Q&A: Understanding the Healthcare Quality Measurement Data Landscape: “Data is the New Oil”

Understanding the Healthcare Quality Measurement Data Landscape: “Data is the New Oil”
Upholding HIPAA OCR Compliance & Streamlining Patient Access to Medical Data

Reid Kiser is the founder and president of Kiser Healthcare Solutions, LLC presented the webinar “Understanding the Healthcare Quality Measurement Data Landscape: “Data is the New Oil” recently and a recording can now be found on our YouTube Channel.  Reid returned to answer many commonly asked questions on our blog.

Why is quality and quality measurement so important in healthcare?

Quality measurement has been around in healthcare longer than I have been alive. There was a resurrection in the late 1990s and early 2000s with several reports from the Institute of Medicine (now National Academy of Medicine) and other government and healthcare leaders recognizing the issues around waste, patient safety, and gaps in the quality delivered in our healthcare system. From the IOM came the six aims of why it is important to address quality in healthcare for safe, effective, efficient, timely, patient centered, and equitable care. The healthcare delivery system was rewarded or paid for doing more (Fee for Service) and not on if the care delivered actually had a positive result. Healthcare costs continued to rise double digits year over year, yet we were not improving patient experience and outcomes. Quality became the measuring stick for improving healthcare and we worked to control the rising economic and financial costs. Medicare Advantage started to pay for quality performance with Star ratings. Putting quality with resource use or cost, we get to “value”. This is where we see the system shifting from volume (or FFS) to value (or fee for quality/outcomes).

How do we measure quality in such a complex system and industry with numerous stakeholders?

Yes, it is complex and complicated. There are 1000s of quality metrics out there. And they come in many different shapes, sizes, flavors, you name it. Most measures are based on administrative or claims based transactions, some dive deeper into clinical results in the medical record, others are survey questions that rely on the recall of the patient’s experience. At the most basic level we currently measure based on the Donabedian principles of Structure, Process, and Outcomes. Simply put structure measures don’t guarantee a quality result, but they do measure things like are providers credentialed, are staffing levels appropriate, and are the proper operational policies and procedures in place. Process measures go a step further and measure if the proper events or services are taking place, was the patient screened for cancer, immunized, or other evidence-based care action. Outcome measures then tell us if things like blood glucose, cholesterol, blood pressure are controlled with the assumption that results in positive outcomes for the patient’s well-being and health. There are also other measures that look at resource use or cost and additionally patient-reported clinical outcomes. Now we can mix and match these together and create a “value” equation.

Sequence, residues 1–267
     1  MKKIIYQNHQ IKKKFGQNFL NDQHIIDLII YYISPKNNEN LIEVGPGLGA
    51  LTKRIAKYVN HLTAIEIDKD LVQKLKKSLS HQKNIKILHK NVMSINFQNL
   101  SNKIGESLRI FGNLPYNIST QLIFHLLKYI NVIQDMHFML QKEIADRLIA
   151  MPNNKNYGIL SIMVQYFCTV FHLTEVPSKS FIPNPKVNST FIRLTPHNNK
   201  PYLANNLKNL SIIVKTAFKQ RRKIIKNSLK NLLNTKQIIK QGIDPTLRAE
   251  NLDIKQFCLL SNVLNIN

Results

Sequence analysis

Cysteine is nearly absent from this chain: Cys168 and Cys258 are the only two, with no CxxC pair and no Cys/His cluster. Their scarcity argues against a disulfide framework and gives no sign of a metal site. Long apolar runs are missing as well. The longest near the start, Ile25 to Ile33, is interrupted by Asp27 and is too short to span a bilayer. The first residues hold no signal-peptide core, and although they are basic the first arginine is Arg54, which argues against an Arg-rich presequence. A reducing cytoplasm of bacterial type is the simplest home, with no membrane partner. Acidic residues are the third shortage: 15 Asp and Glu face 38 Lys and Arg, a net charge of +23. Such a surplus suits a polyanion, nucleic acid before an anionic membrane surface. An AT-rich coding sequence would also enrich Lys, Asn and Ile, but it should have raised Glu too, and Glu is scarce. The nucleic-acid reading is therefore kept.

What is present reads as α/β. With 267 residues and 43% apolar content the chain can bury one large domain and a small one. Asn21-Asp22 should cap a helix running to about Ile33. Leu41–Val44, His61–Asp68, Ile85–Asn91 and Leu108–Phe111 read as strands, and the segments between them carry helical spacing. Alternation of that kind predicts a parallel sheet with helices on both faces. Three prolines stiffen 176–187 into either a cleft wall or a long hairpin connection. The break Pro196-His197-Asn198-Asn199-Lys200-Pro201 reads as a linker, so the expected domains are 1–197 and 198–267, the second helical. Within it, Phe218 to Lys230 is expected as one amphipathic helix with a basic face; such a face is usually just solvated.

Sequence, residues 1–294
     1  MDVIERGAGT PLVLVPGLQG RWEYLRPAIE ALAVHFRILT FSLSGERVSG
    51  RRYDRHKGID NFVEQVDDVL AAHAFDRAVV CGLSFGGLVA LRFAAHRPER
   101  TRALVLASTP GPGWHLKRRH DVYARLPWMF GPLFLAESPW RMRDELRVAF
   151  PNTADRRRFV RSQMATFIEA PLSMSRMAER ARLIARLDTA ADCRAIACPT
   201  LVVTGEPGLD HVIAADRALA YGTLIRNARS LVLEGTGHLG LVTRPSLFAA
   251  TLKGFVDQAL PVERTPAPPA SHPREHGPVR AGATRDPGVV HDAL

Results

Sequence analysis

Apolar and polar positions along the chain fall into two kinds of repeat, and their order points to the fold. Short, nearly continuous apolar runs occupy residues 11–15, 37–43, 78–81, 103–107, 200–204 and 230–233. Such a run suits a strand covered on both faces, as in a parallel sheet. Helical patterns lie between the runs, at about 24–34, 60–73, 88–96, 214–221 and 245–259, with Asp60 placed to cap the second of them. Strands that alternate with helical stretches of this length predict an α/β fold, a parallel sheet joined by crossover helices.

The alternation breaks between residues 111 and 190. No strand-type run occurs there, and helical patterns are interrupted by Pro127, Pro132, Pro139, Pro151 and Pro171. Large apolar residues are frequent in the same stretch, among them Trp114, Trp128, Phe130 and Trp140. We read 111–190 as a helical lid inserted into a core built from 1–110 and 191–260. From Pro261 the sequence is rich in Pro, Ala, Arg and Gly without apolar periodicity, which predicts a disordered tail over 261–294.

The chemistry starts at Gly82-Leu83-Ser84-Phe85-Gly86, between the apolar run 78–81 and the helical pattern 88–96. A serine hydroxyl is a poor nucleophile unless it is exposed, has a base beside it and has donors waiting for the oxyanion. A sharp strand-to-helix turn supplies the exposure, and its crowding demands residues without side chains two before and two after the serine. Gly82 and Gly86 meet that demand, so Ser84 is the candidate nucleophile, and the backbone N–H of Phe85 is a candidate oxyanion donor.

Why is data “the new oil” when it comes to healthcare quality measurement?

Taking all those measures, measure types, and data sources and tying those results to payment in a multi-trillion dollar industry is a huge paradigm shift that will have winners and losers from the business perspective. To demonstrate that a provider, a health plan or healthcare organization is able to prove their differentiation on values, has become exponentially important. There is a lot going on around building different systems and platforms to collect the data and then to processes it. Large amounts of venture capital and investors are moving in quickly. Let’s use this analogy. If you’re looking for oil, you need to understand what the landscape looks like to determine where it is and go find that oil basin. You explore, sometimes you find it, sometimes you don’t. When you do, you extract it, but there is more than just having crude oil. The next step beyond transporting it is to refine it, the equivalent of refining it is doing the analytics that leads to usable commodity. Turning that oil into fuel or other chemicals so that we can drive our car or build high value widgets at the best price is the equivalent of healthcare data being “the new oil”. We do have to be cautious on if this becomes a barrier versus a facilitator. Technology development is expensive and there is a lot of capital investment at stake. Investors will want their ROI. Ideally, we have a mix of private and public partnerships aimed at improving the health of Americans.

Reid Kiser is the founder and president of Kiser Healthcare Solutions, LLC. He is an innovative leader who has served in a variety of capacities with healthcare organizations over the past 20 years addressing healthcare quality, performance measurement, data analytics and reporting, and business systems design.

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